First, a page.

BYU-Utah State tilt: Two top defenses to collide in Friday's showdown

Published: Wednesday, Oct. 3 2012 3:35 p.m. MDT

Brigham Young Cougars linebacker Uona Kaveinga (4) and other defenders tackle Hawaii Warriors running back Will Gregory (4) in Provo Friday, Sept. 28, 2012.

Jeffrey D. Allred, Deseret News

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PROVO — Nearly 20 years ago, BYU traveled to Logan and lost a shootout to Utah State, 58-56.

That zany, defense-less 1993 game featured 10 touchdown passes, including a 63-yarder, a 72-yarder and a 93-yarder. BYU quarterback John Walsh threw for a school-record 619 yards in a losing effort. The two teams combined to score 49 fourth-quarter points. In the end, the Cougars and Aggies produced a dizzying 1,318 yards of total offense.

That was then.

Heading into this year's showdown between BYU and Utah State Friday (8:15 p.m, MT, ESPN), a shutout seems much more likely than a shootout. That's because both teams' defenses rank among the nation's best in nearly every statistical category.

The Cougars are No. 4 in scoring defense, No. 5 in total defense, No. 2 in rushing defense, No. 11 in passing defense and No. 1 in red-zone defense.

The Aggies, meanwhile, rank No. 18 in scoring defense, No. 11 in total defense, No. 22 in rushing defense, No. 15 in passing defense and No. 19 in red-zone defense.

That would seem to indicate that it will be a low-scoring, defensive battle at LaVell Edwards Stadium, right?

"I never know," said BYU coach Bronco Mendenhall. "Just as soon as you start thinking that way, it might be 35-34 or something. I've seen (Utah State) play defense, and I think they're good. I think they're good on offense. Who knows? I think it will be a good game. I just can't predict the score."

"It never goes the way you think it's going to go," said Cougar linebacker Brandon Ogletree. "Their offense can definitely put up points, so if it's low-scoring, we'll be happy."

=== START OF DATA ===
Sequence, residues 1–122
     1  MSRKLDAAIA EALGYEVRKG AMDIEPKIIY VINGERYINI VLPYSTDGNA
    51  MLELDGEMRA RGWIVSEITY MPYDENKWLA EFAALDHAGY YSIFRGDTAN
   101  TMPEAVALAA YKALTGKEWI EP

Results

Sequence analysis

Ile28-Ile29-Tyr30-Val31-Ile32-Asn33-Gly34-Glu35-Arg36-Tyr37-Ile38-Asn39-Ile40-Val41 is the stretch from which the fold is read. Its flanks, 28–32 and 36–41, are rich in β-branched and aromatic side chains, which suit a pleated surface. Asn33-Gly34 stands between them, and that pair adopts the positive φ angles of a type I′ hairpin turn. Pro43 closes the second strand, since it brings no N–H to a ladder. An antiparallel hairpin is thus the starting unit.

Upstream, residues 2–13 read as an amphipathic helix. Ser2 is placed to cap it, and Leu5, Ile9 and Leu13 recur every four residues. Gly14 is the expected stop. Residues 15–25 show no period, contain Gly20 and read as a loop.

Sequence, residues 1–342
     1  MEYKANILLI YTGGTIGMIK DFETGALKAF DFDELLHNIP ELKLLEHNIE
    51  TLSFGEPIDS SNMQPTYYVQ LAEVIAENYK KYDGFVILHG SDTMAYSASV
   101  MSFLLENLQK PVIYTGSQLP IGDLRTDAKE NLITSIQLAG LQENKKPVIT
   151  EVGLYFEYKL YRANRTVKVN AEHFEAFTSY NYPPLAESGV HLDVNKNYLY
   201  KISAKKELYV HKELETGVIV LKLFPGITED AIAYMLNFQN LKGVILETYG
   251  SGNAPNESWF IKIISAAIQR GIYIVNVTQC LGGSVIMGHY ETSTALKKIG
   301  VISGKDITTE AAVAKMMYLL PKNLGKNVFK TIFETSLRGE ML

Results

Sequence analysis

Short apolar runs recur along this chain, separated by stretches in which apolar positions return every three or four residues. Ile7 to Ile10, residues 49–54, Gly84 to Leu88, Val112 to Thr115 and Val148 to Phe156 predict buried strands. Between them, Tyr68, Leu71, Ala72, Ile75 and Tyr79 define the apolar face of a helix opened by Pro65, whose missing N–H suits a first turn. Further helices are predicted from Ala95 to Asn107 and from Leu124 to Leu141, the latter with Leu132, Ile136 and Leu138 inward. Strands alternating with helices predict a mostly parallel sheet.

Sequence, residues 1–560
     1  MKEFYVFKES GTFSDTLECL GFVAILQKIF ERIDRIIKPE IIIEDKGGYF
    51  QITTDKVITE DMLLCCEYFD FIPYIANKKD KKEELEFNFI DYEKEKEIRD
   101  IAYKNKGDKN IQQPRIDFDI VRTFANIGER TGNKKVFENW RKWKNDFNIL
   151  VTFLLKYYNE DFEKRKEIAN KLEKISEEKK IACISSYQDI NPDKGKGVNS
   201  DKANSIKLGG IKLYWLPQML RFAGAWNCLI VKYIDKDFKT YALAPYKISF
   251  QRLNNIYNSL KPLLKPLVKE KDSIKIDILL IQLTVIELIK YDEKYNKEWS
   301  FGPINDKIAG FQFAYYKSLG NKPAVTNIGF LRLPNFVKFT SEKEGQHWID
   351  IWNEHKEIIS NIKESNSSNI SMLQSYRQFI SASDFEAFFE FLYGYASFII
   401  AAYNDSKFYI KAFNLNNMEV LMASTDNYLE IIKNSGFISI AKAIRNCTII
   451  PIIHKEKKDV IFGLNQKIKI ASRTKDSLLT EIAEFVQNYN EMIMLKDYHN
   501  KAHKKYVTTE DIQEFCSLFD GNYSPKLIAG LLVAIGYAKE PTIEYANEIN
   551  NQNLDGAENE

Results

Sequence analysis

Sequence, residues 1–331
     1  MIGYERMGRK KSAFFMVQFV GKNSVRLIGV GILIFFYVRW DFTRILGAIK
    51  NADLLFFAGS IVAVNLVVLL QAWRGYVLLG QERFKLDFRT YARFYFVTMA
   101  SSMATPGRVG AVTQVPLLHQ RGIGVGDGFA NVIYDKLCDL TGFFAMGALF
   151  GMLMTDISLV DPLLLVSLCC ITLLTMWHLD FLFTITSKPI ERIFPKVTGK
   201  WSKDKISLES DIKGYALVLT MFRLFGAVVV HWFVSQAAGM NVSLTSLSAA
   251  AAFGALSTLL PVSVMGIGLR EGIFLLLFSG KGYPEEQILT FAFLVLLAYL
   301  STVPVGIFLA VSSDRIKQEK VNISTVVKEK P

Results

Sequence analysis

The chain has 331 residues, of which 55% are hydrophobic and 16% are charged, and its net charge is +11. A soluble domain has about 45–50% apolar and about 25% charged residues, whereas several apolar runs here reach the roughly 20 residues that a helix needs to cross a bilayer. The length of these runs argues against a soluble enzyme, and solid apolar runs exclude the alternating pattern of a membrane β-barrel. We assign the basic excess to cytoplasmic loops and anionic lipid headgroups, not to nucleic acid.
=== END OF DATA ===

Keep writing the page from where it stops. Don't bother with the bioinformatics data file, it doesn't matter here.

BYU's defense is riding two impressive streaks. The Cougar "D" hasn't allowed the opposing offense to score any points in the last nine quarters of play, and it hasn't allowed the opposition to gain more than 300 yards of offense in 11 straight games.

Both streaks will be in jeopardy Friday. USU's offense is expected to pose a stiff test for BYU's defense.

Aggie quarterback Chuckie Keeton threw for 402 yards and four touchdowns last week against UNLV, while running back Kerwyn Williams rushed 20 times for 113 yards and caught seven passes for 147 yards.

What concerns Mendenhall is the duo's "athleticism in space. The design of their offense is multi-faceted. They try to get their athletes in space against other athletes in space. It will be a collective approach for us to try to match them."

Mendenhall acknowledged that Keeton, a sophomore, has improved since last year. "He's always been a really solid scrambler and super-athletic," the coach said. "Now there's a little more patience and poise before he takes off — a little bit more balanced."

"They have a really good quarterback. He's pretty elusive," Ogletree said. "I really like their running back and he does good things with the ball in his hands. They have a tough O-line. They play hard. They're really confident in what they can do."

The Cougar defense is also playing with confidence, and Ogletree is happy with the way he and his teammates have performed so far this season.

"We're kind of pleased with how many shutouts we've had," he said. "That's pretty uncommon. Anytime you can shut a team out, that just means there's no huge breakdowns. Coming into the season, we knew we would be good; we just didn't know how good. I think we still don't know how good we'll be. We'll find out."

While each game presents a new challenge, the goals don't, Ogletree added.

"Our main goal every week is to stop the run, limit the points and then get the ball out," he said. "That's what our focus is every week. We can always get better at that."

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